A copepod, image from Wikipedia

There are so many species of zooplankton you could spend years just trying to learn them all. Listed below are just a few examples. Click on the link to watch a slide show of zooplankton species.
Copepods (Phylum Arthropoda)

Copepods are incredibly numerous in the worlds oceans.  They can also be found in many freshwater environments. Copepods swim using two long antenna and frontal structures on their bodies. They eat phytoplankton and detritus, and occasionally other zooplankton smaller in size. They are an important food source for fish and marine mammals.

Cladocerans (Phylum Arthropoda)

Claudoceran (also known as daphnia or water fleas) are planktonic crustaceans found in coastal waters. They swim using an antenna, like copepods, but instead of using their first antenna they use the second antenna. They appear to have two sections to their body but it’s only an illusion caused by a folded outer shell. Cladocerans eat phytoplankton and other zooplankton. Like many species of zooplankton, cladocerans migrate to the surface at night.

Krill (Phylum Arthropoda)

Krill means whale food in Norwegian. Its an appropriate name as they make up a huge portion of the diet for many of the worlds largest whale species. Krill are shrimp-like organisms that feed on phytoplankton. They may grow up to two inches long and can be found in many of the worlds ecosystems. They are particularly abundant in Antarctica where they have been seen in swarms as large as 450 square kilometers. 

A Pteropod, image from NOAA

Pteropods (Phylum Mulluska)

There are two main groups of pteropods (wing-foot), one with shells and one without. They are closely related to snails, but are free swimming with a gelatinous form. They make up a large part of the diets of many juvenile fish species (including salmon.) Shelled pteropods form a calcium carbonate shell made of aragonite and are considered particularly vulnerable to the effects of ocean acidification.

Comb jellies (Phylum Ctenophora)

Comb jellies are named for their eight rows of cilia that move in harmonious rhythm to propel them through the water. Unlike the true jelly fish, comb jellies lack stinging cells and the radial symmetry of the cnidarians. The ctenophore body exhibits bi-radial symmetry instead of the radial symmetry typical of true jellyfish. To learn more click here.

Siphonophores (Phylum Cnidaria)

Siphonophores, like the Portuguese man-o-war, are often confused with jelly fish. Although they belong to the same phylum as jellyfish (Cnidaria), siphonophores are colonial species. This means they are a group of related but independent cells living together. There are about 175 described species. The majority of siphonophores are long and thin, consisting mostly of a clear gelatinous material. Some deep water species have dark orange or red digestive systems that can be seen inside their transparent tissues. Many siphonophores are bioluminescent, glowing green or blue when disturbed. All siphonophores are predators, and use their many tentacles to capture crustaceans and small fish. Click on the link to learn more about Siphonophores.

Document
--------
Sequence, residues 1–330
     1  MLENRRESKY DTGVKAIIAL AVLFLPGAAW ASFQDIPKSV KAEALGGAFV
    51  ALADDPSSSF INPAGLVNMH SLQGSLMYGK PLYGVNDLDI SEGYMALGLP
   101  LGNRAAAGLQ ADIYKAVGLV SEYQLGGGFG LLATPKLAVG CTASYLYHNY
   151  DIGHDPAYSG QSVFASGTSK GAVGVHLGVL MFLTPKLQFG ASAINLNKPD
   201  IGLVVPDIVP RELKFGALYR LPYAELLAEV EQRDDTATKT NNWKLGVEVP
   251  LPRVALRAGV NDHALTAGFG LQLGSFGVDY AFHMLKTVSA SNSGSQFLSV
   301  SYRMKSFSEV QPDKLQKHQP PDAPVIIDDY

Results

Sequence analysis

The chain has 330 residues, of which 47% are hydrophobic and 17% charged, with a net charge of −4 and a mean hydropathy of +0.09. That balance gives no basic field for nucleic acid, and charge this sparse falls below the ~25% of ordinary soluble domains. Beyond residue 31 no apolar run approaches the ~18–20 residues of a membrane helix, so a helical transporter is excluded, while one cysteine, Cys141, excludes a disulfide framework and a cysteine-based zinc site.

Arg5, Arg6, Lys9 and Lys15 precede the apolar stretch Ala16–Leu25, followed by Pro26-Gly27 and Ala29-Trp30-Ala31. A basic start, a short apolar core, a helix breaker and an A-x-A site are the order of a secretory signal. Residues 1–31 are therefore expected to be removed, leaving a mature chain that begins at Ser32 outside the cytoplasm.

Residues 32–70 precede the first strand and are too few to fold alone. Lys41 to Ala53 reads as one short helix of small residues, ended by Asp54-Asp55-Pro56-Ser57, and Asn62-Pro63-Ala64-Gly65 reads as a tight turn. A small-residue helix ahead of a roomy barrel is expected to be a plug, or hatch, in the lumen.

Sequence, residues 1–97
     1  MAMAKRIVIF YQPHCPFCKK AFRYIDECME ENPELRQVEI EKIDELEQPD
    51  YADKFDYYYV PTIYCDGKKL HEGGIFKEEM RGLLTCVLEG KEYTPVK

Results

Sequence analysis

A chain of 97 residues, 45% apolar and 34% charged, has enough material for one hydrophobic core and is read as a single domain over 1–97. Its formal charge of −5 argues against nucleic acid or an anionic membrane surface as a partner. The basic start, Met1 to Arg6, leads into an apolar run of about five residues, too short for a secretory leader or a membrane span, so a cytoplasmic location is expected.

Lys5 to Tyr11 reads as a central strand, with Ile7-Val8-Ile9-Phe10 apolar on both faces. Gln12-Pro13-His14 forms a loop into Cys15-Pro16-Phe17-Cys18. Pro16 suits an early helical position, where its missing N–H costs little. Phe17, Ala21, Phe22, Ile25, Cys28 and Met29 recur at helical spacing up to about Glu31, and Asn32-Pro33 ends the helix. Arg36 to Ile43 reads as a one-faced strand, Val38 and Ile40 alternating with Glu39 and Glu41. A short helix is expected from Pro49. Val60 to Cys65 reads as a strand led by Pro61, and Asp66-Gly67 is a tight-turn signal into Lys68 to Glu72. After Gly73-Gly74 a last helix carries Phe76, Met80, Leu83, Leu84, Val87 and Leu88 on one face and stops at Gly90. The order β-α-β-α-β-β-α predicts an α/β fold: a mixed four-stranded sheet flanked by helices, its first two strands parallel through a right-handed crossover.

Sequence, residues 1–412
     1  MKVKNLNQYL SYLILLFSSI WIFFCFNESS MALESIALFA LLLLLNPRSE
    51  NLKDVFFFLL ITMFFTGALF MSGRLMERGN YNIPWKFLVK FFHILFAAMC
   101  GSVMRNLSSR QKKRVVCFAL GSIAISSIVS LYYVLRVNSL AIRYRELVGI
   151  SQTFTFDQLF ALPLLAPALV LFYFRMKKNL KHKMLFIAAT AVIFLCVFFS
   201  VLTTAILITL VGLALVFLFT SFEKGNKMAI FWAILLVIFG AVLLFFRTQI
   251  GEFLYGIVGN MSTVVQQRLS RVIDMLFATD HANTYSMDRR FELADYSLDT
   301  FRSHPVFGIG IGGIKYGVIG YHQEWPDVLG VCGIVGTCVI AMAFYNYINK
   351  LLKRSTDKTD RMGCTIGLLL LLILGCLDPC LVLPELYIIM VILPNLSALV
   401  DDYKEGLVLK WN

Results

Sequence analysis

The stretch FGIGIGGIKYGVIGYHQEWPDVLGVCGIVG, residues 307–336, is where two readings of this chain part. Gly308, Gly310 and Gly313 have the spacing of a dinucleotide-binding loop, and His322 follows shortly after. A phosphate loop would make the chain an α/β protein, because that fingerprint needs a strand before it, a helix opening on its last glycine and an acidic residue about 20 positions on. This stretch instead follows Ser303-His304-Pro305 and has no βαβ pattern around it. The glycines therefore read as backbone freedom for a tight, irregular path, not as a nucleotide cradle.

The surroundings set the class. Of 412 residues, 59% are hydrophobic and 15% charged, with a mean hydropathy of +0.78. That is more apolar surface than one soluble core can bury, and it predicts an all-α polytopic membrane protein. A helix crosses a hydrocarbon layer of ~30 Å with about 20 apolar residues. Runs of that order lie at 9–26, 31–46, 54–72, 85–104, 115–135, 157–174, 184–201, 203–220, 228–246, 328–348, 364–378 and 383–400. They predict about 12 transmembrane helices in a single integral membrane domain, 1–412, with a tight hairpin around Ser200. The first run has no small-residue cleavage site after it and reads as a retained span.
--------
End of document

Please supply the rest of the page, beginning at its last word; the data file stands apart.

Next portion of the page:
Jellyfish (Phylum Cnidaria)

The life cycle of a typical jellyfish is complex and involves an alteration of generations in which the animal passes through two different body forms. The dominant and conspicuous medusa is the familiar form, while the smaller polyp form is restricted to the larval stage. Jellyfish reproduce sexually, and individuals are either male or female. The reproductive organs (gonads) develop in the lining of the gut.

Jellyfish use their bell to move. They don’t move anywhere fast, and many scientists believe the pulsating rhythm of the bell is more about bringing plankton to them than it is about taking them to plankton.

Jellyfish have an advanced weapon system known as nematocyst cells. These cells are high pressure, water powered, harpoon guns. Click on the link to see a video of different kinds of gelatinous plankton. To learn more about all types of jelly plankton click on the Jellies zone.

Questions for Research

  1. Together, let’s watch Five Reasons To Thank Plankton (YouTube.) Please record five contributions that plankton make to the planet.
  2. Next, let’s watch a video about the seasonal blooms of plankton in the Arctic (Vimeo). describe what kinds of conditions that can lead to large plankton blooms?
  3. When it gets to sunny, plankton make clouds. Read about it and explain how plankton can control the weather.
  4. Watch this fabulous video about how zooplankton are collected (Links to an external site.) on an oceanographic research cruise.  What time of day do they collect plankton and what kinds of tools (be specific to their names) do they use to collect plankton.
  5. Read my NOAA Teacher at Sea blog titled “Waking up Copepods.” Describe you learn about Copepod diapause and the reasons behind it.
  6. There are several types of nets used to capture plankton. One of the most useful is the Multi-net. The Multi-net is useful because it allows you to keep plankton samples captured at different depths separate from each other. This can give you a layer-cake view of what plankton species are present at different depths. Read or watch how Multi-net’s work and describe it for me.
  7. Read the linked article about ocean acidification and describe how changes in ocean pH might lead to reductions in the numbers of pteropods and potentially fish populations.
  8. Compare and contrast the movement and structures they use to move of comb jellies and true jellies.
  9. Click on the link for the jelly plankton movie. This may take you to National Geographic’s webpage where you will have to search for the “jelly plankton movie.”Once you watch it, write a description of one of the jellies described in the movie.
  10. Describe two surprising findings made by scientists in the creation of the first global atlas of marine plankton.